Drink Up: Unconventional Bar Snacks To-Go at the Monkey House | Bite Club

Drink Up: Unconventional Bar Snacks To-Go at the Monkey House


Maple-Whiskey Lemonade and a Cup of Noodles to-go from the Monkey House - JORDAN BARRY
  • Jordan Barry
  • Maple-Whiskey Lemonade and a Cup of Noodles to-go from the Monkey House
The Monkey House opened back up Thursday with drinks to-go — and a disclaimer. The Winooski bar's website, which is now set up for online ordering, states that every order with one or more alcoholic beverage "must include at least 1 Hot Dog or 1 Cup of Noodle." 

Bar snacks were a pretty random category to begin with, but Gov. Phil Scott's directive allowing delivery and takeout of alcoholic beverages from restaurants and bars during the COVID-19 pandemic — as long as they're purchased with a meal — has brought the land of popcorn and peanuts to a whole new level. 

The meal stipulation is easily met at restaurants, where the food is the draw. Other bars, including Burlington's Deli 126, are bringing in pop-up-style food. (You'd better believe I'll be picking up a chocolate-dipped frozen banana from Christie's Gone Bananas along with my cocktails to-go.)

The Monkey House doesn't have a kitchen, though, and the snacks it had on hand in the past didn't satisfy the Vermont Division of Liquor Control's definition of a "meal."

"We didn't have enough food for the DLC, so we needed to think creatively," Ali Nagle, general manager of the Monkey House, told Seven Days.

To-go service was appealing, Nagle said, as a way to keep the bar active and prepare for when things start to open up again — which is happening soon, as the state issued guidelines on Wednesday to allow outdoor dining beginning on May 22.

Window service at the Monkey House - JORDAN BARRY
  • Jordan Barry
  • Window service at the Monkey House
The Monkey House has offered panini in the past, with the sandwiches coming from neighboring Sneakers Bistro — whose owners are part owners of the Monkey. But the breakfast spot is too busy right now with to-go orders of its own to bring those back, Nagle said.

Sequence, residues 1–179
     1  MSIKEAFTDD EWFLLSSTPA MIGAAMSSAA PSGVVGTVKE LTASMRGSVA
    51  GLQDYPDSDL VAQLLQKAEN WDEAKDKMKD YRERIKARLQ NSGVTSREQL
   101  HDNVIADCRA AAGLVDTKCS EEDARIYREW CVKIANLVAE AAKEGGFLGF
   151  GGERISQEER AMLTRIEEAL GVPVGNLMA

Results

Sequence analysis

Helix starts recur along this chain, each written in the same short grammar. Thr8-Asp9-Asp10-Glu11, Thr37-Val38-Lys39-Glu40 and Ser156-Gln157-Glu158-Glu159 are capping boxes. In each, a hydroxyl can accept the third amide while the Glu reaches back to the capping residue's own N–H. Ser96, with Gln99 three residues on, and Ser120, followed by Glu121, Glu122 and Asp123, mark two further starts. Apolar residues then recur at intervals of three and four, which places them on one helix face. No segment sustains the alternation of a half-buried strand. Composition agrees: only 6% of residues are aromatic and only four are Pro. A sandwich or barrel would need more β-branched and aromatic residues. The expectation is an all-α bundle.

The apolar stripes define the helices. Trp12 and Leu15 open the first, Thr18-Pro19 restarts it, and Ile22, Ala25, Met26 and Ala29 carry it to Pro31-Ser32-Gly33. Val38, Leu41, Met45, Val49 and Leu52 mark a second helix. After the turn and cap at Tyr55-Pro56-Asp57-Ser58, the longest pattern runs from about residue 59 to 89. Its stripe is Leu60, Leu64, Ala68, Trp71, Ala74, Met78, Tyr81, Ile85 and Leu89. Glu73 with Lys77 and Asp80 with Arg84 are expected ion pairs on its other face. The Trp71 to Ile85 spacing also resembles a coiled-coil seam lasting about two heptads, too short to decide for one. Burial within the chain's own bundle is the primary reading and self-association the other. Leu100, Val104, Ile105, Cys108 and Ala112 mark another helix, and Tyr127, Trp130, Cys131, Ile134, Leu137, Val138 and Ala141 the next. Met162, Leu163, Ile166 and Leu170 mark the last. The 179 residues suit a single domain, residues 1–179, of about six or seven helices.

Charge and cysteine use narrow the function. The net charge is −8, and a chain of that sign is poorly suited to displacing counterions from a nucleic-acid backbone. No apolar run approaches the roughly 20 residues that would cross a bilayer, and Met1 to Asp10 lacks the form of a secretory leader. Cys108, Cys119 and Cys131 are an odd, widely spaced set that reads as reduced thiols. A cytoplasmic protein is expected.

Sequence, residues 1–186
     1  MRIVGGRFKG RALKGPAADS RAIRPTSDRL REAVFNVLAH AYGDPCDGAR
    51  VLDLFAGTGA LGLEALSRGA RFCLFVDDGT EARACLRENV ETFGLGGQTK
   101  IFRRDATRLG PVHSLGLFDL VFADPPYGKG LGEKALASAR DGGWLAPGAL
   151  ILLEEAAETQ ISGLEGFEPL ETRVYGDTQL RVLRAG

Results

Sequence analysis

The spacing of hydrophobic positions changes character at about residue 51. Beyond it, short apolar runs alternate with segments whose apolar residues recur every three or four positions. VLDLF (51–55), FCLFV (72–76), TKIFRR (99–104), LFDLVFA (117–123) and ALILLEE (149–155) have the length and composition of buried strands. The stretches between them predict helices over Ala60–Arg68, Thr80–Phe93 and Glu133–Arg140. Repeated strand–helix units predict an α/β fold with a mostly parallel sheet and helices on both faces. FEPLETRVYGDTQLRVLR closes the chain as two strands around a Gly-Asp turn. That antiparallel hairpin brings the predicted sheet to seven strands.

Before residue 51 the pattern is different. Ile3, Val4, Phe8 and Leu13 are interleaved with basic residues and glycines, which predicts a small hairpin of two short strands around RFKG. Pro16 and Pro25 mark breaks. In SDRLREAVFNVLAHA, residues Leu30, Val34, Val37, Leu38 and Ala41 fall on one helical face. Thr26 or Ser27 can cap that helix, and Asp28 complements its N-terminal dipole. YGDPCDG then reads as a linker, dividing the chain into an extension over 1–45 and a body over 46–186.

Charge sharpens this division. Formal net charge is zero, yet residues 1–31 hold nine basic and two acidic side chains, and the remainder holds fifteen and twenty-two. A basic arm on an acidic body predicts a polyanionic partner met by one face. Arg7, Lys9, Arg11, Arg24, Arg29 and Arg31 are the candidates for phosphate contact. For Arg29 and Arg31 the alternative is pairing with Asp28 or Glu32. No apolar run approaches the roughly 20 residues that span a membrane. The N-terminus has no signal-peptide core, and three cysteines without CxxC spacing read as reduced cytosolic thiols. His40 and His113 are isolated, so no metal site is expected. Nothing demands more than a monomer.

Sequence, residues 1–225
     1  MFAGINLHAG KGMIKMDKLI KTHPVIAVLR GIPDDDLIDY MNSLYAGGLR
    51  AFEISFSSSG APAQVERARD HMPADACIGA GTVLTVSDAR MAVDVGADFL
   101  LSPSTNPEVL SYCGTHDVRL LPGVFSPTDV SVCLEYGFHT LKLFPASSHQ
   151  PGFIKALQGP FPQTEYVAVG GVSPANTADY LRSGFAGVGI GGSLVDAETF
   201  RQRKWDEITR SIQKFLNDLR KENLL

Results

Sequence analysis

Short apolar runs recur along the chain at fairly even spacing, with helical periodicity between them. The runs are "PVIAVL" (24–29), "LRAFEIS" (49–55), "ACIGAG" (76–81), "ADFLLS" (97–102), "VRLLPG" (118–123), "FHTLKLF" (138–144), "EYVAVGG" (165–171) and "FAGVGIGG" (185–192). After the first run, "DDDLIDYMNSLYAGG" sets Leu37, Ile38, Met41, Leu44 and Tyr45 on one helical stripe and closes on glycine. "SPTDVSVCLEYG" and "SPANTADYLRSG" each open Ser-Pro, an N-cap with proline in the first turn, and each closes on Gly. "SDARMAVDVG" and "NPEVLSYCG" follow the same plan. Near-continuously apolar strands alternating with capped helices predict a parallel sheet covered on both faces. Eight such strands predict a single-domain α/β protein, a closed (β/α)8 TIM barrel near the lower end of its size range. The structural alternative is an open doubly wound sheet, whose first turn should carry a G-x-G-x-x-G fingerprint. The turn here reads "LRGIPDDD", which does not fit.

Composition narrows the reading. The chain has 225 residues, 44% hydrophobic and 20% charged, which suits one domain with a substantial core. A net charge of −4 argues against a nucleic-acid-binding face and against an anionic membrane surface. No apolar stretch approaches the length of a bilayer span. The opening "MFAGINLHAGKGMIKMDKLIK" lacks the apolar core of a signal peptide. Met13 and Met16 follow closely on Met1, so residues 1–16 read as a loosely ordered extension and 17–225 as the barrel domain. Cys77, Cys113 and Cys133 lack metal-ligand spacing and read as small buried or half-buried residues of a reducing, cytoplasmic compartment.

Thankfully, she randomly had a hot dog roller in her basement. Problem solved.

The roller holds eight hot dogs at a time, and the bar offers them with a variety of toppings. A plain dog will set you back $3, and a veggie dog is $4. For $2 more, you can order a Michigan Dog with tangy beef sauce, onions and mustard or a Chicago Dog with pickles, tomato, mustard, onion and peperoncino.

Perusing the online menu, though, it was the Cup of Noodles that caught my attention. Just seeing the logo sends me into a fever dream of Costco bulk buys, not to mention lunches spent finessing peas out of the styrofoam packaging with a fork — trying desperately not to stab holes in the side and squirt myself with scalding soup.

From the Monkey's perspective, the instant ramen is an ideal solution because it can be served hot or cold as a meal to-go, and it's only $2.

"People aren't normally looking at us as a place to grab food," Nagle said. "This is great because it is at least some sustenance, and it's affordable."

The hot dogs and Cup of Noodles are just a starting point, as the bar figures out its to-go system this weekend. "Nothing fancy," Nagle said. Customers can go online, call or walk up to the bar's garage-door-like windows to order.

The Monkey House will serve canned beer, cider and hard seltzer, bottles of wine and non-alcoholic drinks as well as cocktails, the last of which come packaged in compostable cups, with or without ice.

When I asked Nagle what she'd pair with a Cup of Noodles, she said a cold Budweiser or a hard seltzer would do the trick. I was in a cocktail mood, though, so I decided on a Maple-Whiskey Lemonade.

"That's sort of a play on a kid's lemonade drink," Nagle said with a laugh. "It's like school lunch for adults."

When I pulled up in front of the Monkey House to pick up my order, the windows were open and the music was spilling out, as it always has. If it weren't for the masks we were all wearing and the pandemic-era signs — "Enjoy your drink, but please don't open it here" — it could have been a normal night on the traffic circle.

Since normal isn't real anymore, I asked Nagle how I could recreate the vibe of the Monkey while I drink my cocktail (and slurp my noodles) at home.

Her advice? Grab close friends — from a trusted household, of course — put on some tunes and enjoy the drinks out in the yard.

"Sometimes in the summertime we don't even have one customer inside; everyone's just hanging out outside," she said.

On a nearly 80 degree day in May? I think I can handle that. I might save the Cup of Noodles for another time, though.

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